Autumn is the time of year when many of us are tempted to do some serious pruning to reduce a plant’s size, remove dead wood or simply as part of the fall cleanup process. However, it’s important to know what should be pruned at this time of year, and what shouldn’t.
As you’ll see, it’s mostly “shouldn’t . . .
Here’s why: pruning stimulates new growth and doing that at a time when many plants are in the process of going dormant stresses and weakens them. If you prune while it’s still warm, the plant will send sap up the stems and the pruning “wounds” close more slowly than when they plant’s dormant. Woody stems have food-making ability and by removing them, you’re removing some of the plants ability to make food. Fall is also the time when disease spores and fungi spread, and having open wounds increases the risk of those diseases harming your plants.
If you’re growing roses, please don’t be tempted to cut them back too early because it can weaken the plant. Roses should be pruned while they’re dormant or just breaking dormancy and sending out new growth. This can range from January in the warmest zones to April in the coldest. And old rule of thumb on timing is to do it when forsythias start to bloom. Flower Carpet roses require no fancy pruning and can just be cut back with hedge clippers but hybrid tea roses and shrub roses require more specific pruning techniques.
Some woody shrubs that are grown primarily for their foliage can be pruned in the late fall once they’ve lost their leaves. If you don’t mind loosing the blooms which grow no old wood, Ninebark (Physocarpus opulifolius) can be pruned in the fall. Barberry bushes are easier to prune in the fall or winter once they’ve lost their foliage and you can see the thorns but in general, you’re better off waiting until late winter or early spring. Burning bush, dogwood, buffaloberry, sumac and smokebush can be pruned in late fall/early winter as well.
Spring and Summer Flowering Shrubs
Most spring or summer-flowering shrubs and trees set their new buds immediately after they bloom (generally by midsummer) so pruning them after mid to late June will result in dramatically fewer blooms (if any) the following year. This includes azaleas and rhododendrons, lilacs, forsythia, cinquefoil, spirea, magnolia, flowering plum and cherry and others. It’s fine to remove dead or diseased branches in the fall, but otherwise hold off on pruning these until mid-summer. Marie Iannotti, the Garden Expert at About.com provides a great tutorial on how and when to prune lilacs.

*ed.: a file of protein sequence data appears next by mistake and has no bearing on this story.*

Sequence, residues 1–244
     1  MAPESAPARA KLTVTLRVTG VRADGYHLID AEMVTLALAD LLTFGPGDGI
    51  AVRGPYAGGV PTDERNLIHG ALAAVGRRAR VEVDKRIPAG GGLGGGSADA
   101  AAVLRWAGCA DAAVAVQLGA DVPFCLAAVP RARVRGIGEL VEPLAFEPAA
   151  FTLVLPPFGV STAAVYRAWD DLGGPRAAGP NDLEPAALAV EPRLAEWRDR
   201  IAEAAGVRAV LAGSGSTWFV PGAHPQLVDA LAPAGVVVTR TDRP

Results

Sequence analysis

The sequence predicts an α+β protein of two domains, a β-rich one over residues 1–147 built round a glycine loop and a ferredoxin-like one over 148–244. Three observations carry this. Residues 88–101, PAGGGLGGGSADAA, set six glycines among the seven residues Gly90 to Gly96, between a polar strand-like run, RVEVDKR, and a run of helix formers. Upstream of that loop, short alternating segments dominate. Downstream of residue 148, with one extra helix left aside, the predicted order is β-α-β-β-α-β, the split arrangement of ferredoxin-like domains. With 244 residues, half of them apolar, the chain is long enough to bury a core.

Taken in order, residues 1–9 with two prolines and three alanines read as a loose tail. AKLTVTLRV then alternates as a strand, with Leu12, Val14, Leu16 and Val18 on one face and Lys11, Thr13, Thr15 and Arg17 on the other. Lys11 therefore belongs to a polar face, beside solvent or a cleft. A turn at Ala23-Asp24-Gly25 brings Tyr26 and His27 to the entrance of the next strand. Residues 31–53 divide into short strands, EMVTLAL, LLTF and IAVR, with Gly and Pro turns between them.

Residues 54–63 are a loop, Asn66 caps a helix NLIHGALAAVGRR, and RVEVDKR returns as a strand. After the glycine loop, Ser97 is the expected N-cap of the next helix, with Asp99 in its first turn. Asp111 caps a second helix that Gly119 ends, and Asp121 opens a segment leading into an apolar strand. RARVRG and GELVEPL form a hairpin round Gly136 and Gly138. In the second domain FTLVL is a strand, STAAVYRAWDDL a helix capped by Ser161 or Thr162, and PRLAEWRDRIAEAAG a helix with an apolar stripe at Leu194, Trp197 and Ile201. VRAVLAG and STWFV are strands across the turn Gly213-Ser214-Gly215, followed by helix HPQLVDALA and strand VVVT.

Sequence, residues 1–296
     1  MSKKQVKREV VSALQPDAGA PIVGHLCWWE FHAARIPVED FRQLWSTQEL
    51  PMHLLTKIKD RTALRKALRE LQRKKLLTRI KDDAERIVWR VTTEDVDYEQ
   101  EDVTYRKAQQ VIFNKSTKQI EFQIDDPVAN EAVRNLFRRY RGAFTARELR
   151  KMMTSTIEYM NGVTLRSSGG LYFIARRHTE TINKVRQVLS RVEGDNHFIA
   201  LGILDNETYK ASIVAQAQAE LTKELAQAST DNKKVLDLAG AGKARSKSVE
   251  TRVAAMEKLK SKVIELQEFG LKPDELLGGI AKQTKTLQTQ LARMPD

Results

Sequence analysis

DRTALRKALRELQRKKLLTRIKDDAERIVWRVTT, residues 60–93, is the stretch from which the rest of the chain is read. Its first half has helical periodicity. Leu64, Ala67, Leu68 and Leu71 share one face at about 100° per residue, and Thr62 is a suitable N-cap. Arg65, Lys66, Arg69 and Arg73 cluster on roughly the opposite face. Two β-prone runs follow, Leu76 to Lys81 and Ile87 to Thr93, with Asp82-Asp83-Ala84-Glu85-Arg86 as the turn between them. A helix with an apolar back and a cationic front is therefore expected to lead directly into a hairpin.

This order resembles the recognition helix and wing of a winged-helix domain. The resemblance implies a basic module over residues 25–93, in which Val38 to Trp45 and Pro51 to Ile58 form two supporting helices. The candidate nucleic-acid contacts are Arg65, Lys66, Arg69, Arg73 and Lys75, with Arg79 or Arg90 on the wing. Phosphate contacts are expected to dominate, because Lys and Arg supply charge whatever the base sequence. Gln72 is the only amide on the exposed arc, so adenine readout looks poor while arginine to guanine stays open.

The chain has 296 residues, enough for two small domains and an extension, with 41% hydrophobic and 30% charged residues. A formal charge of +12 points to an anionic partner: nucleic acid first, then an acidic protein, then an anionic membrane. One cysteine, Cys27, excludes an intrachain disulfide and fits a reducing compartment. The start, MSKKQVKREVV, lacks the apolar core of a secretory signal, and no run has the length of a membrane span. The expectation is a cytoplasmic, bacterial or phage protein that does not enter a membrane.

These can be a bit tricky because there’s no single rule for all. Because of that, it’s very important to know what type of hydrangeas you have. Some bloom on “new wood” while others bloom on “old wood”.
Pee Gee (‘Grandiflora’) hydrangeas (hydrangea paniculata) are upright deciduous shrubs and bloom on new wood, so you can prune these any time between late fall to very early spring and they’ll flower the same year. Examples of Pee Gee hydrangeas include those often old-fashioned varieties often seen in cemeteries along with Limelight, Pinky Winky, Quick Fire and Chantilly Lace.
Mophead and big-leaf hydrangea (Hydrangea macrophylla and Hydrangea quercifolia) bloom on old wood – meaning the previous season’s branches. These should only be cut back shortly after they flower – no later than mid-to late June in most parts of the country. These varieties include Endless Summer, Strawberries & Cream and many others.
The Hydrangeas! Hydrangeas! website offers a great tutorial on pruning all varieties of hydrangeas.
Deciduous trees are also best pruned once the trees are dormant. It’s important to wait until at least all their leaves have dropped, if not later. At that point you’ll also be better able to see the diseased and problem branches (ones that overlap, etc.). Evergreens can be pruned in late winter or early spring. By doing it at this time, the new spring growth will hide the harsh-looking pruned areas. Trees that produce a large amount of sap when cut should be pruned in the early summer, just after they’ve leafed out. Although the sap bleeding causes little or no harm, it can be messy. This group includes all varieties of maples, walnuts, butternut beech, and birch.
Other bits and pieces . . .
Do not prune lavender until new growth appears in the spring. After they’ve flowered you can cut them back to shape them and you’ll often get a second bloom. However, don’t cut into the old wood, as that’s the source of new growth. If your lavender plants get really straggly, you can cut them back by a third every few years.
Ornamental Grasses can be left standing to add interest to your winter garden, but if you’re in an area that gets heavy snow cover, you may find it easier to cut them back in the fall. We’ve found that small electric hedge clippers make this chore a breeze, especially if your grasses are more than a few feet in circumference. Spring is the time to divide overgrown ornamental grasses.
So, what SHOULD you prune in the fall?
Get rid of the dead wood . . . This is the time of year to remove dead branches, diseased areas or damaged wood on any trees or shrubs. Other than that, save your time and energy for that inevitable fall cleanup project and spend any extra time dreaming about next year’s garden!
There are a number of helpful step-by-step pruning books available. We recommend The Pruning Answer Book by Lewis Hill and Penelope O’Sullivan and Pruning Made Easy by Lewis Hill – both of which help take the mystery out of pruning!
Here are a few helpful pieces on springtime pruning tips and techniques:
Show Me How to Prune Roses (includes video)